From NATE members who have experience of delivering ‘key’ and/or ‘basic’ skills, we know that bolt-on courses with functional purposes serve neither pupils’ nor teachers’ interests. Research has shown that literacy is best developed in a meaningful context, so that work-related literacies are best developed in the context of the workplace and not in the classroom.

In one sense, this proposal is a bold move by the government. We support efforts to help students use the comma, the apostrophe and inverted commas accurately. It is something that is taught already at both primary and secondary stages. However, to be able to punctuate is only a very small part of what it is to be a competent user of English and yet it is proposed that no one will pass Functional English at Level 2 unless they can ‘punctuate accurately using commas, apostrophes and inverted commas’.

Although both punctuation and presentational skills are important, we believe a preoccupation with them could prevent many candidates who are talented in other areas of English from being seen as ‘non-functional’, with the consequent loss of confidence and self-respect that comes from being labelled as failing in one’s own language. Are the QCA and by extension, employers, seriously arguing that people are somehow linguistically ‘non-functional’ if they cannot master certain aspects of punctuation?

As English specialists we believe all language acquisition is contextual and we would therefore welcome more consideration of where employers’ commitments both begin and end with regard to educating their workforce.

Education does not finish at the school gates. Employers need to help their employees through work-based training which can then be supported through vocational courses.

Join NATE: 10% membership discount for all Teachit subscribers

The language of non-fiction | Geoff Barton

To understand one thing well is better than understanding many things by halves.

Johann Wolfgang von Goethe

Is there anything more boring than hearing about someone else’s dreams?

Dreams are, however, a reminder of the way we inhabit a universe of narratives. We watch films, plays and soap operas in narratives (even if the storylines are disjointed to maintain our interest). We tell jokes that are narratives. We talk to each other in narratives. And – no escape here – we dream in narratives.

No wonder that stories have been the dominant form of English classrooms for half a century or more.

The problem is, of course, that our students need to be able to respond to texts that aren’t chronological and which don’t always use the familiar linguistic signposts that our story immersion may have prepared us for.

Here are 3 things I want my key stage 3 and 4 students to know about the language of non-fiction texts:

For all its artfulness, fiction is more personal and ultimately more reassuring. Non-fiction texts, in contrast, have fewer agents, leaving us unnerved about where we stand in relation to their topics: 'Drinks were taken at the hotel' (who took them? Why? And why aren’t we being told?). 'It was announced yesterday that …' (who announced, why, and again why the concealment?). Get students playing about with such texts, challenging assumptions and interrogating subtexts.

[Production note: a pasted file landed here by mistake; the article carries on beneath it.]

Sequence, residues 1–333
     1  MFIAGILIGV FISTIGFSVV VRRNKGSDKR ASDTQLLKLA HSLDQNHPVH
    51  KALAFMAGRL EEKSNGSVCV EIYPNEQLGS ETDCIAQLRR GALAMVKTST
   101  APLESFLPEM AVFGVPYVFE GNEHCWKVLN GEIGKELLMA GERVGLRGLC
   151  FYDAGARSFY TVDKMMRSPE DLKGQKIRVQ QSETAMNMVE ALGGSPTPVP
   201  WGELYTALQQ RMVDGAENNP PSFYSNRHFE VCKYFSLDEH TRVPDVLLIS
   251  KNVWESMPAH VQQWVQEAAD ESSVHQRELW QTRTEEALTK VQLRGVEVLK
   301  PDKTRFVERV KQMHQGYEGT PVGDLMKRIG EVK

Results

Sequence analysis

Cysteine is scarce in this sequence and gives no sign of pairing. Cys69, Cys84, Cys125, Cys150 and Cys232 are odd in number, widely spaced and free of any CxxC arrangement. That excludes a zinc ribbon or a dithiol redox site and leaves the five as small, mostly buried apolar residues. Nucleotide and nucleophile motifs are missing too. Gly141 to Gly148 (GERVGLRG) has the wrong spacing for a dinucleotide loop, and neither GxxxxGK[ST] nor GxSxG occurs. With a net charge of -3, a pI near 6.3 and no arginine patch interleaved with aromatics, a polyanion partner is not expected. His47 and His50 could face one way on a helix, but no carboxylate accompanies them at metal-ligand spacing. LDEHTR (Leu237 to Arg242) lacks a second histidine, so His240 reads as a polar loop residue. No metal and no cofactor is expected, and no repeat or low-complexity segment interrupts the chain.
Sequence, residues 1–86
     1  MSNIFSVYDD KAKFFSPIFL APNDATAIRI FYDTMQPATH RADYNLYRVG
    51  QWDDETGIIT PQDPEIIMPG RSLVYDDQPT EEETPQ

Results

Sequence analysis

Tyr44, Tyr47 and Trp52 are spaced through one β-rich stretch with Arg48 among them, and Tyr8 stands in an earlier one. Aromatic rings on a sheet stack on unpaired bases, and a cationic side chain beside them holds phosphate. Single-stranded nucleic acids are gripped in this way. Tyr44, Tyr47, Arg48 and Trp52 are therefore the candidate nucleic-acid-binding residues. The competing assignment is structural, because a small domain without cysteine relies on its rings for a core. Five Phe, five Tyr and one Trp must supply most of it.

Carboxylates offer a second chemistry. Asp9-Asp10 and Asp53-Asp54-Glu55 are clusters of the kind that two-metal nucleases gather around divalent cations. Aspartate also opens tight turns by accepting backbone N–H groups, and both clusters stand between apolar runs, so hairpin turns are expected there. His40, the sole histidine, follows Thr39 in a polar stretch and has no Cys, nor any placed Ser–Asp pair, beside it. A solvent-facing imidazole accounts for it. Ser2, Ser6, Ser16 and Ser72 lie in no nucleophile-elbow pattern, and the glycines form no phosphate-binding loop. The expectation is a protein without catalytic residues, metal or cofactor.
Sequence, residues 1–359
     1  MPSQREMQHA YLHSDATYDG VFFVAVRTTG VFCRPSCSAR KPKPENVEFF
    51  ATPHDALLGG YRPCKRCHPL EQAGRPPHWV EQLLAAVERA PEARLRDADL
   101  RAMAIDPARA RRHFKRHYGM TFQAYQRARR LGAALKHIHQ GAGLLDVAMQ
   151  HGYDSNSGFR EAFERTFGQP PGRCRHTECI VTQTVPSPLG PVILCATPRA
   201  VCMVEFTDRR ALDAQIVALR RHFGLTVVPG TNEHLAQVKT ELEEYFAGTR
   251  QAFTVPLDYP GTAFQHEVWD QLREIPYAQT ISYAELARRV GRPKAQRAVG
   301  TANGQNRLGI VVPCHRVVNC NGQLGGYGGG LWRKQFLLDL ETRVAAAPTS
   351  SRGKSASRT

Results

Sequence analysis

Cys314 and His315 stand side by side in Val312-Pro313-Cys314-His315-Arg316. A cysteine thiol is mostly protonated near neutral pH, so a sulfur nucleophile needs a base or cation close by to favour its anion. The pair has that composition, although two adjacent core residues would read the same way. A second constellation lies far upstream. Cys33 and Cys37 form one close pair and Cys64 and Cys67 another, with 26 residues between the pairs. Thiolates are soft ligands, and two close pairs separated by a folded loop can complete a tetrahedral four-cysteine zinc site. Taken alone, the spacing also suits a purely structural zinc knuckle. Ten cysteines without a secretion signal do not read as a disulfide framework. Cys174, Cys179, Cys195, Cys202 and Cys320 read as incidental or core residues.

Non-fiction uses less familiar connectives. My guess is that we almost instinctively respond to sentence (b) here as the more sophisticated:

(a) 'Macbeth starts the play as a hero but ends it as a villain.'

(b) 'Although Macbeth begins the play a hero, he finishes as a villain.'

Our students will be familiar users of connectives like and, then, so, next, later and but. Their writing as a result may be a bit safe and even plodding. Although is more ambitious, more complex. So let’s teach all our students to use although, however, therefore, despite, whereas and maybe even notwithstanding. Well, maybe not the last one. Let’s get these connectives into their linguistic bloodstream so that they can shake off the endless use of lower-level connectives and instead begin to train their phrasing in more analytical soil.

Finally let’s build students’ confidence with complex noun phrases, with the kind of writing they will encounter in factual and technical writing: 'The threatened strike was a result of an earlier dispute which developed after confusion over rates of overtime payment …'

As ever, we don’t want a return to the days when sample texts were dished out for students either to worship or sneer at. Instead we want active, investigative grammar work – tinkering, experimenting, challenging and rewriting.

All of this will build their confidence, shaping them into better readers and writers, and break down the divide between those who come to us from bookish backgrounds and those who don’t. As so often, grammar is an equal opportunities issue: we can help students over important linguistic hurdles by teaching them one or two explicit grammar features. Non-fiction texts are one of the most important areas for us to do this.

Preparing students for exams | Harry Dodds

Luck is what happens when preparation meets opportunity.